This Black Saturday, don’t miss the chance to relive some of our most revered, most enduring, and most spectacular religious festivals and rituals in Fiesta: Ang Makulay na Pananampalatayang Pilipino, airing at 10:30 pmon April 3 over GMA-7.
Fiesta: Ang Makulay na Pananampalatayang Pilipino is the most comprehensive video documentary on Philippine folk traditions and popular piety to date. Produced over a span of three years, this highly anticipated project was initially targeted for airing last year but like many similar initiatives, it was delayed by the many unforeseen impacts related to the global pandemic.
Fortunately, this much-awaited project will now be unveiled as a tribute to the resilience and devotion the Filipino faithful, in line with the ongoing jubilee for the 500 Years of Christianity in the Philippines.
Rekindling the spirit of camaraderie
For the Filipino faithful, observing Holy Week means breathing new life into the timeless acts of piety and devotion that have been passed on for many generations — mostly performed in groups in order to strengthen the bond of families and communities.
Lent is when our traditional practices such as pabasa, palaspas, cenaculo, visita iglesia, Via Crucis, salubong, and different kinds of prusisyon dominate parish activities, along with official liturgical rites such as the sacrament of reconciliation and the celebration of the Eucharist.
Sadly, the current pandemic restrictions hinder us from observing our time-honored Lenten rituals as a community. Just before Holy Week – for the second year in a row — Catholic dioceses have declared a lockdown of all churches until Easter due to the rising number of COVID cases in the country. This comes as a big disappointment to millions of Filipino Catholics who have been looking forward to some semblance of normalcy at this most solemn time of the year.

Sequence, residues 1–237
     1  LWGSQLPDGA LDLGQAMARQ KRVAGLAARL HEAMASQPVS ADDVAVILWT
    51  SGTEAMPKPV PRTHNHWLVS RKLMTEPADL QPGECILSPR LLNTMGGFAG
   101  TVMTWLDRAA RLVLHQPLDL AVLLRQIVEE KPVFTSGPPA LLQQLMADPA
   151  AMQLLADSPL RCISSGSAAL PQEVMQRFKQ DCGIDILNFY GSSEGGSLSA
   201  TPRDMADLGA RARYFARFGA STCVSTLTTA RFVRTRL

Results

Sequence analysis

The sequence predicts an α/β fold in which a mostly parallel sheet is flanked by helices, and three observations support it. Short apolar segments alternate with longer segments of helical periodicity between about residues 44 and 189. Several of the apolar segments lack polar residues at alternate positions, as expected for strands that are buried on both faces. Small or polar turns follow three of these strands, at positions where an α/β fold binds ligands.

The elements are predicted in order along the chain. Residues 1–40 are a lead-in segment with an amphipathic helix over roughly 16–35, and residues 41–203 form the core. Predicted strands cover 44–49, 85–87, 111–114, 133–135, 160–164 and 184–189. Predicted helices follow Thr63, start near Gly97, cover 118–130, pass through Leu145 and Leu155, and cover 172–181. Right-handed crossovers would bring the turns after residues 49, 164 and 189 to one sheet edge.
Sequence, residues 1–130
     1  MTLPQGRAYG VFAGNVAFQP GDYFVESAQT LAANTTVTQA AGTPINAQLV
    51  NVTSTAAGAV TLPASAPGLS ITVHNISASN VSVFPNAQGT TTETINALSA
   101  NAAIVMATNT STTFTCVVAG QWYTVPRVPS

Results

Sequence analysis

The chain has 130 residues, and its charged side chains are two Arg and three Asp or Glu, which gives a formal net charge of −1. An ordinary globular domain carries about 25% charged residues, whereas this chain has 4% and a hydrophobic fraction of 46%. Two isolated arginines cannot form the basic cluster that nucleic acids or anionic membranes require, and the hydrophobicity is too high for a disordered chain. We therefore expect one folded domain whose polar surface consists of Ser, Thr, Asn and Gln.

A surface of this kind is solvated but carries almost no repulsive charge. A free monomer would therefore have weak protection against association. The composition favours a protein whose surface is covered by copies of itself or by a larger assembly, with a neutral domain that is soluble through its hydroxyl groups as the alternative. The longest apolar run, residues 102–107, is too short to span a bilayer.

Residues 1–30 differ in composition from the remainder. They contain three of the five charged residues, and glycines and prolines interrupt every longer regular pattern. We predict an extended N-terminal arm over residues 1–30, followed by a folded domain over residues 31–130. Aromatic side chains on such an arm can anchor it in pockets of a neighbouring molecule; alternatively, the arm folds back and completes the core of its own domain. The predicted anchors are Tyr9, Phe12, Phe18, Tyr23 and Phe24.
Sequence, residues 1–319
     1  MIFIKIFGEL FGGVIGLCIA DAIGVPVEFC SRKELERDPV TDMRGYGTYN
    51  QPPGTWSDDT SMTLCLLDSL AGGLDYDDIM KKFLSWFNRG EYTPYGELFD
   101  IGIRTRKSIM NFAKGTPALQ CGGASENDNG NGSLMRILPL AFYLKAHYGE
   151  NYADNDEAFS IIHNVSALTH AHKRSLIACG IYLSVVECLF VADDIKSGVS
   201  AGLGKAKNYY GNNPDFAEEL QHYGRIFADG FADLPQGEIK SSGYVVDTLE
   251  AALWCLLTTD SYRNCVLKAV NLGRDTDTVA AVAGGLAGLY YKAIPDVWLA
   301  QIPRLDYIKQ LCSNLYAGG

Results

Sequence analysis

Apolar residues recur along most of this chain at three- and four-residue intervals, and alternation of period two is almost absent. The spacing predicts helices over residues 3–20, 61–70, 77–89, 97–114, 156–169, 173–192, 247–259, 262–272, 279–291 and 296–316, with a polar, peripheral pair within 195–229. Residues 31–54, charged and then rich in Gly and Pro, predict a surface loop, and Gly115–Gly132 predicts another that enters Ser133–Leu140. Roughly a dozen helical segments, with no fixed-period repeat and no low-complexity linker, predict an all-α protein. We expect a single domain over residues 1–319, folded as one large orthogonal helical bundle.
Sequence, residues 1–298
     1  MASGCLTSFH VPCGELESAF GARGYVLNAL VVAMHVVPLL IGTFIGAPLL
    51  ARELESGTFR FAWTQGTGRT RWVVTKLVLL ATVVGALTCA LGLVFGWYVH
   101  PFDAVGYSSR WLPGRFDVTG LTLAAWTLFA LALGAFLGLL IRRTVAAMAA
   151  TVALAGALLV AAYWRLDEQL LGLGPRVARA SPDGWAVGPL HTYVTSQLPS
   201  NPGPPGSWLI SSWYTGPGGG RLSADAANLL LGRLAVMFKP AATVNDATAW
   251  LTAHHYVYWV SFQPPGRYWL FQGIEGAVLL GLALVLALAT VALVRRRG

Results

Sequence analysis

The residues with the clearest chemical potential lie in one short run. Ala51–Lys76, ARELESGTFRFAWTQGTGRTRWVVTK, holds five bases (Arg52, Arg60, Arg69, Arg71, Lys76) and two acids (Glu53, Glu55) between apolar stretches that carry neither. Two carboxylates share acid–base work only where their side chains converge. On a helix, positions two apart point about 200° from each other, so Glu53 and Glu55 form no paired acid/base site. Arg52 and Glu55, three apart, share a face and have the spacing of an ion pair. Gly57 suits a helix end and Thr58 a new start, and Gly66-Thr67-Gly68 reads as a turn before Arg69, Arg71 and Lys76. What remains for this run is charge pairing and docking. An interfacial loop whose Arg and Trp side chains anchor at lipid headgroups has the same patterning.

It is not surprising for many Filipinos to feel a deep longing for the sights, the sounds, and the sentiments evoked by our most cherished rites and festivities that highlight just about every season of the liturgical calendar. The vibrant mood and spirit of camaraderie that mark these events seem so distant now.
Fortunately, although devotees cannot congregate in person, we can still celebrate virtually in spirit through the familiar images of piety and revelry that have been captured and preserved in Fiesta: Ang Makulay na Pananampalatayang Pilipino.
A gift to the Church and to the world
Featuring over two dozen religious festivals and traditions across the country, Fiesta is a testament to how popular piety finds itself in the heart of Christian worship and how they can lead us to a deeper understanding of the Christian message.
With its lively visuals enriched by annotations from various scholars in theology, religion, and Philippine culture, Fiesta’s roster of resource persons is led by no less than the former Archbishop of Manila, Luis Antonio Cardinal Tagle, in his last local interview before leaving for Rome to assume his post as Prefect of the Congregation for the Evangelization of Peoples.
Cardinal Tagle, in his message to Pope Francis after the recent thanksgiving mass for the 500 Years of Christianity in the Philippines, highlighted the importance of popular piety in shaping the faith life of the Filipino people when he pointed to the Christian faith being “received by the majority of our people and given by them a Filipino character” as God’s gift. It is this same gift that Filipinos bring with them and share to others, wherever they are in the world.
“When lonely moments come, Filipino migrants find strength in Jesus who journeys with us, the Jesus who became a Child (Santo Niño) and known as the Nazarene (Jesus Nazareno), bore the Cross for us. We are assured of the embrace of our Mother Mary and the protection of the saints. When we miss our families, we turn to the parish, our second home… We sing, we smile, we laugh, we cry, and we eat,” the cardinal said, in obvious reference to some of the most familiar devotions and communal activities that make Philippine fiestas not only religious events but cultural traditions as well.
Produced by Jesuit Communications in partnership with The Manila Cathedral, Fiesta: Ang Makulay na Pananampalatayang Pilipino is presented through the support of its major sponsors San Miguel Corporation, Inc., UNILAB Inc., Washington Sycip Family Foundation, Inc., and SMART Communications, and media partners Manila Bulletin, TV Maria Philippines, and Veritas846 Live.
“We wanted to create a documentary that will not only highlight the beauty of Christianity but also of how intrinsically linked it is to the Filipino culture,” adds JesCom creative director Pauline Mangilog-Saltarin. “Fiesta is our gift to the Catholic Church and we hope it becomes a great resource for those who want to know more about the Catholic faith.”